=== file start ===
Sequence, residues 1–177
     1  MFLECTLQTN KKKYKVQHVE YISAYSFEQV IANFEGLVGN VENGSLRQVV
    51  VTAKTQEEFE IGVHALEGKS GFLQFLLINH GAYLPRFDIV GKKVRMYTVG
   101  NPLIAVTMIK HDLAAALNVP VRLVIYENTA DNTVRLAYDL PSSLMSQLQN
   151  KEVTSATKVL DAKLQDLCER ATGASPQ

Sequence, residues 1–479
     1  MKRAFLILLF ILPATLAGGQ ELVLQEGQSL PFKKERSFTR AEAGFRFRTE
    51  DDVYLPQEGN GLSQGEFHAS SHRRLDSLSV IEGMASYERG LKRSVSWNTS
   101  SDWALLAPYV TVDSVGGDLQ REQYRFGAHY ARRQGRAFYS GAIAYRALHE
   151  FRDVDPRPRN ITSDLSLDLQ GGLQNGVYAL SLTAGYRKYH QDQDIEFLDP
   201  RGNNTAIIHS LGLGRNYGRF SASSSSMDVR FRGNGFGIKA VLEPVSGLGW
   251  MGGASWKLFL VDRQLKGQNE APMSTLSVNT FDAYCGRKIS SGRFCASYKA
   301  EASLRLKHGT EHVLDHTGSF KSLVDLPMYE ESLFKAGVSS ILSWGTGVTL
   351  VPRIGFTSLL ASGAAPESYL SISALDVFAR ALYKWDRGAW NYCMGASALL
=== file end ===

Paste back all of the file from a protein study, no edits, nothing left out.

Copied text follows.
Sequence, residues 1–177
     1  MFLECTLQTN KKKYKVQHVE YISAYSFEQV IANFEGLVGN VENGSLRQVV
    51  VTAKTQEEFE IGVHALEGKS GFLQFLLINH GAYLPRFDIV GKKVRMYTVG
   101  NPLIAVTMIK HDLAAALNVP VRLVIYENTA DNTVRLAYDL PSSLMSQLQN
   151  KEVTSATKVL DAKLQDLCER ATGASPQ

Sequence, residues 1–479
     1  MKRAFLILLF ILPATLAGGQ ELVLQEGQSL PFKKERSFTR AEAGFRFRTE
    51  DDVYLPQEGN GLSQGEFHAS SHRRLDSLSV IEGMASYERG LKRSVSWNTS
   101  SDWALLAPYV TVDSVGGDLQ REQYRFGAHY ARRQGRAFYS GAIAYRALHE
   151  FRDVDPRPRN ITSDLSLDLQ GGLQNGVYAL SLTAGYRKYH QDQDIEFLDP
   201  RGNNTAIIHS LGLGRNYGRF SASSSSMDVR FRGNGFGIKA VLEPVSGLGW
   251  MGGASWKLFL VDRQLKGQNE APMSTLSVNT FDAYCGRKIS SGRFCASYKA
   301  EASLRLKHGT EHVLDHTGSF KSLVDLPMYE ESLFKAGVSS ILSWGTGVTL
   351  VPRIGFTSLL ASGAAPESYL SISALDVFAR ALYKWDRGAW NYCMGASALL